Australia is an ideal candidate for solar power. The above map shows the amount of solar radiation in kilowatt hours per square meter with the red the highest and blue the lowest.

Manufacturing Update: Unintended Consequences of 3D Printing

Mass customization is the promise of 3D printing technology. It can be used to produce drugs that help alleviate pain. It can be used to make human body parts that won’t be rejected. It can be used in space to manufacture technology for space. It can be used to create one-off products using computer-aided design software. But this week we learned about the dark side of 3D printing. You can make guns.

I keep seeing the image of John Malkovich, an ex-CIA employee, assembling a gun from some kind of plastic or polymer in the 1993 movie, In the Line of Fire, while sitting at a Presidential fundraiser. Well reality is catching up with fiction. You can see a picture of  a 75% prototype and the finished full-scale lower half of a gun in the picture below. Both were created using a 3D printer. Apparently the designer is having ammunition feed and extraction issues and reports with a little oil and lubrication, and switching to brass cartridges, the gun successfully fires. Isn’t technological progress sometimes inspiring?

3D printers are capable of rapid prototyping almost anything. Seen here are two prototypes of the lower receiver of an AR-15 semi-automatic rifle, a civilian version of the military M16 used by the U.S. army. This lower component is considered in the U.S. to be a legal firearm.                        Source: AR15.com

Transportation Update: Elon Musk Predicts 50% of New Cars will be electric by 2032

When recently interviewed, the CEO of Tesla Motors and SpaceX bravely predicted that within 20 years, and more probably in the next 12 to 15 years more than half of all new cars manufactured will be purely electric. Compare that to other automobile manufacturers who are much more conservative in their estimates. GTM Research, a consulting firm that studies the industry predicts by 2016 a 500% increase in electric vehicles (EVs) to 3.8 million in the United States. Compare that to the more than 250 million cars on U.S. roads today.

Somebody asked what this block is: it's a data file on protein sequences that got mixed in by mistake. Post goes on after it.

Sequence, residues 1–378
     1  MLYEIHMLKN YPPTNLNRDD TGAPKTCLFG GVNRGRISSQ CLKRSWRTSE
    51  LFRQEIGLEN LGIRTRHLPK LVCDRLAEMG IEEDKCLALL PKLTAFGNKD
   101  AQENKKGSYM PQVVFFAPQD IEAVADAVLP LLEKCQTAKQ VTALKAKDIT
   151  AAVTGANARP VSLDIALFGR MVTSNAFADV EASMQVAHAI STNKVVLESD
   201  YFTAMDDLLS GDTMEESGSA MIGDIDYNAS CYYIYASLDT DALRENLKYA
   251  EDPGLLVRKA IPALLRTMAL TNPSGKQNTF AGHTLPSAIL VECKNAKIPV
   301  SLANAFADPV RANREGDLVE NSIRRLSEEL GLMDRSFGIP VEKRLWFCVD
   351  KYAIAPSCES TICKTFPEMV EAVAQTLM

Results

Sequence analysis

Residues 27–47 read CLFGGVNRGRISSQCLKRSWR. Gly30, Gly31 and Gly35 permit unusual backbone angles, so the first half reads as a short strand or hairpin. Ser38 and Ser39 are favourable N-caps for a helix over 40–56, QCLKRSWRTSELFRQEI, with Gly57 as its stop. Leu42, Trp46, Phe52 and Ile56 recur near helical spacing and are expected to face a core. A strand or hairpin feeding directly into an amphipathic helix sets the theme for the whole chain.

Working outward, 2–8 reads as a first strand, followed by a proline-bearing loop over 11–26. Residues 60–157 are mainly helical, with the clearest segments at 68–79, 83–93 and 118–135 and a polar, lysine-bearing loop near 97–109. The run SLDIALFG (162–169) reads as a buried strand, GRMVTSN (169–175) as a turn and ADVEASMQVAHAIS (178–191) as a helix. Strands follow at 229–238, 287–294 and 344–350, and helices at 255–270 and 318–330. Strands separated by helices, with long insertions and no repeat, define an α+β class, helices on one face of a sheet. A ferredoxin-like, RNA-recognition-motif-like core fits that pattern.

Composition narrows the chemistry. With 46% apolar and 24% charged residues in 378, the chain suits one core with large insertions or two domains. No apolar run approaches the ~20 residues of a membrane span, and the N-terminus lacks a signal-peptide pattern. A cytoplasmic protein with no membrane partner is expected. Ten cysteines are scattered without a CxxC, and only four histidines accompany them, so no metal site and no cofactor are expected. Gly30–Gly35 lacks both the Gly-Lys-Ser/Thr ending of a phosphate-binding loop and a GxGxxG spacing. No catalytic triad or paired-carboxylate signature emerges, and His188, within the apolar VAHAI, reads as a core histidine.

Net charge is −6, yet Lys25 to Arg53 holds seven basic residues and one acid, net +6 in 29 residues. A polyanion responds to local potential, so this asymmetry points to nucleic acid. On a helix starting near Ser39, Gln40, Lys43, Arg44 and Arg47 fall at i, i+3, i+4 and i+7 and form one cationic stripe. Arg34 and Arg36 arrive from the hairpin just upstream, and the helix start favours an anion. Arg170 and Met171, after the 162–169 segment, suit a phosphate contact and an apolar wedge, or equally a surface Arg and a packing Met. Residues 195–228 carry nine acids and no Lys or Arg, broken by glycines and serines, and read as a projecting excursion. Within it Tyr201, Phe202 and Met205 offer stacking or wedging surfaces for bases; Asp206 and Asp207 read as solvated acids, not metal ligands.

With electric vehicles on the road in increasing numbers, another challenge is emerging. Where,  when and with what will we recharge all of these new EVs? An EV infrastructure will be needed. Among the contenders for public charging stations are GE with the WattStation, ECOtality with its Blink Charger, and the Coulomb Chargepoint. Utilities will also find themselves having to support this sudden increase in electrical demand. This means building a smarter grid with upgraded voltage regulation and high-voltage capacitors.

What would be a fair rate to charge your EV? The jury is still out on that but $1.00 an hour seems to be a benchmark.

Source: Courtesy of Grand Rapids, Michigan

A Postscript

Find an interesting technology story, an innovation that can really make a difference for humanity and the planet in the 21st century- let me know.  Readership has hit the 3,000 mark as we begin August. I thank all of you for visiting and am encouraged to see how many of you are repeatedly coming back.   – Len Rosen

 

 

 


Len Rosen lives in Toronto, Ontario, Canada. He is a researcher and writer who has a fascination with science and technology. He is married with a daughter who works in radio, and a miniature red poodle who is his daily companion on walks of discovery. More...

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  • stephen russell

    Sources for blog:
    YouTube ( see Time Tunnel 2002 unaired pilot 1-5) etc.
    DefenseTech.org
    InventorSpot.com
    Trendhunter.com- Eco, Auto etc.
    Tuvie.com
    Yanko Design.com
    Gizmag.com

    Hope U can use.

    • lenrosen4

      Thank you Stephen. Always interested in online sources for inspiration.